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Evening star. [volume] (Washington, D.C.) 1854-1972, November 01, 1936, Image 2

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‘CRACK-POT’ DEAL
“Somebody Is Going to Be
Double Crossed,” He Says,
Hitting Party Pacts.
BS the Associated Press.
ALBANY. N. Y.. October 31.—Alfred
E. Smith, Democratic candidate for
President in 1928, charged tonight that
New Deal leaders “deliberately re
tarded recovery in this country so
they could put over a few of their
* crack-pot schemes.”
He assailed President Roosevelt and
other Democratic leaders for making
alliances with other parties such as
the Parmer-labor party in Minnesota,
the American Labor party in New
York and the Progressive party in
Wisconsin.
“Somebody is going to be double
crossed.” he shouted after citing these
and other instances of alliances. He
kept repeating it until it became a
sort of refrain after each paragraph.
Hits Communist Support.
* “Why are the Communists support
ing Roosevelt?” he asked. “That they
are there can be no doubt. Why?
* Is it because he has a pleasing radio
* voice or an enchanting smile of some
t kind? Not at all. Wiry, they are a
* hard-headed, thoroughly business
j group. They are cold-blooded to the
§ last degree.
“I will tell you why they are sup
v porting him—because they are entire
ly satisfied with his administration in
that it gives promise by the united
Tront of the farmer and the laborer
as dictated from the Comintern in
Moscow to conquer America and coun
tries like America that have constitu
tional law by peaceful means rather
than by bloodshed in the beginning.”
He struck at Democratic leaders for
placing Sidney Hillman, president of
the Amalgamated Clothing Workers
of America, and other labor leaders,
described by him as “left wing So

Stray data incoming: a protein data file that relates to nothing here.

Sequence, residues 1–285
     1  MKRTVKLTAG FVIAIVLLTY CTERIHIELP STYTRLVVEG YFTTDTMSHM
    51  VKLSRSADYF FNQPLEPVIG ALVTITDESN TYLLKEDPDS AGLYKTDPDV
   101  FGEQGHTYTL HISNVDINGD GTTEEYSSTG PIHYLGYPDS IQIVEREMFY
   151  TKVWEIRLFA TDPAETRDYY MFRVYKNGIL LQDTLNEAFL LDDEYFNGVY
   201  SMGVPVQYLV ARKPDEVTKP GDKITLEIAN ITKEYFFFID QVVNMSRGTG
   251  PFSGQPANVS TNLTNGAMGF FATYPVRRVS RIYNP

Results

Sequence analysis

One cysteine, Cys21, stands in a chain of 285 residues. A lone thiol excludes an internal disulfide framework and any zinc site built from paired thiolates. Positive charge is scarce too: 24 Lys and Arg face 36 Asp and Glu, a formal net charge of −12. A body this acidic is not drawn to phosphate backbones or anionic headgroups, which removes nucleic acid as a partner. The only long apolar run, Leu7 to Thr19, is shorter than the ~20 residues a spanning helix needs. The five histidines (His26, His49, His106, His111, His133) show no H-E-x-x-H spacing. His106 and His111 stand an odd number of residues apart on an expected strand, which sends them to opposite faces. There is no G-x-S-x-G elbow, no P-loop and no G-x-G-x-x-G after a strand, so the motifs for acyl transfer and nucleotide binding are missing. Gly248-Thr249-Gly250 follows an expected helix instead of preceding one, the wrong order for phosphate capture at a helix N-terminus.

cialists,” on the ticket as Democratic
Says Party Livery Stolen.
The New Deal, he asserted, “is a
party that has stolen the livery of
the Democratic party, and if allowed
to exist for four more years there
will be no such thing as a Demo
cratic party.”
Smith spoke at Harman us Bleeker
Hall, where every one of the 3,200
seats were occupied and all standing
room filled. His speech was the fifth
and last of & series against the New
Deal.
As in his other speeches, he urged
the election of Gov. Alfred M. Landon,
Republican candidate for President, to
•‘make the American form of Govern
ment safe.”
“We have a conscience and a free
will,” he declared, "and if we take
that conscience and free will into the
polling place next Tuesday, there is
nothing you can do if you love
America except change from the
present administration to Gov.
Landon of Kansas.”
It was after a reference to Hillman
that the former New York Governor
shouted for the first time that “some
body is going to be double-crossed.”
‘‘Who is it going to be?” he asked,
. “The Drmocrats or the Socialists?
You can't please them both because
their political creeds are Just as far
apart as the two poles. Somebody is
going to be double-crossed.”
While talking about the withdrawal
of the Democratic candidates for
United States Senator and Governor
in Minnesota in favor of the Farmer*
Labor candidates. Smith mentioned a
statement made by his 1928 running
mate, Senator Joseph T. Robinson,
that Smith was “walking in a ceme
tartr »»
"If I am In a cemetery,” the one
time Democratic standard bearer as
serted, "that cemetery is up in Minne
sota. I can hear the doleful,sound of
the bell as each funeral ’ carriage
passes behind the remains of the
Democratic party in that State.”
He said he had received numerous
letters from Democrats asking him
how they could "bring themselves
around to vote the Republican ticket”
and stated he had told them to "look
into their conscience.”
. Smith was introduced by Mrs. Mal
colm S. Davis, chairman of the Albany
County unit of the Independent coali
tion of American Women, which spon
sored the meeting. He was cheered
as he took his place before the micro
phone and started his speech.
Thanks Audience for Applanse.
He began by thanking the audience
for the reception it gave him and said
he was deeply touched by the sing
ing of “Auld Lang 6yne.”
He said he was moved by speaking
In Albany where he helped make
"history In the Democratic party.”
Declaring that “it may be all right
for the governorship” for the New
Deal to support the Farmer-Labor
party in Minnesota, Smith said,
"Don't let an outright Communist get
into the United States Senate with
Democratic votes.”
Frequently with quip and anecdote
he brought gales of laughter and loud
applause from his audience.
“I was elected to office in the State